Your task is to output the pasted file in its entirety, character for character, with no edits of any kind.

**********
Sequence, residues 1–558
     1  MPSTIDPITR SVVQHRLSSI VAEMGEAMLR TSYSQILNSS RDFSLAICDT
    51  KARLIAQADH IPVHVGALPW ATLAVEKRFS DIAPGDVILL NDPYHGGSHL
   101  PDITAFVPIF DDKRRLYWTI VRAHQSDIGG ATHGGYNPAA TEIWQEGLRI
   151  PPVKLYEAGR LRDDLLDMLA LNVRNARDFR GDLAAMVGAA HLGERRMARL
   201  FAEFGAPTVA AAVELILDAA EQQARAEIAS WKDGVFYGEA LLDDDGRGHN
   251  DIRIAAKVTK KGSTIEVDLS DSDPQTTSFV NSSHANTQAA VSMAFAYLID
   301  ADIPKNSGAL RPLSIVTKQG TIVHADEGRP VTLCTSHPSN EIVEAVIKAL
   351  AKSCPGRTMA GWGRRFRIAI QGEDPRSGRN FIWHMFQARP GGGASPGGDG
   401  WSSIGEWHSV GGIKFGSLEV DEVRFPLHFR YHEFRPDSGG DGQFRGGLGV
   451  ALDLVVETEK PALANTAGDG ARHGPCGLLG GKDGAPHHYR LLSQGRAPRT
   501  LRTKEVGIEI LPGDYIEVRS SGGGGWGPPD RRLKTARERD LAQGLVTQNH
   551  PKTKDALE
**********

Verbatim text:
Sequence, residues 1–558
     1  MPSTIDPITR SVVQHRLSSI VAEMGEAMLR TSYSQILNSS RDFSLAICDT
    51  KARLIAQADH IPVHVGALPW ATLAVEKRFS DIAPGDVILL NDPYHGGSHL
   101  PDITAFVPIF DDKRRLYWTI VRAHQSDIGG ATHGGYNPAA TEIWQEGLRI
   151  PPVKLYEAGR LRDDLLDMLA LNVRNARDFR GDLAAMVGAA HLGERRMARL
   201  FAEFGAPTVA AAVELILDAA EQQARAEIAS WKDGVFYGEA LLDDDGRGHN
   251  DIRIAAKVTK KGSTIEVDLS DSDPQTTSFV NSSHANTQAA VSMAFAYLID
   301  ADIPKNSGAL RPLSIVTKQG TIVHADEGRP VTLCTSHPSN EIVEAVIKAL
   351  AKSCPGRTMA GWGRRFRIAI QGEDPRSGRN FIWHMFQARP GGGASPGGDG
   401  WSSIGEWHSV GGIKFGSLEV DEVRFPLHFR YHEFRPDSGG DGQFRGGLGV
   451  ALDLVVETEK PALANTAGDG ARHGPCGLLG GKDGAPHHYR LLSQGRAPRT
   501  LRTKEVGIEI LPGDYIEVRS SGGGGWGPPD RRLKTARERD LAQGLVTQNH
   551  PKTKDALE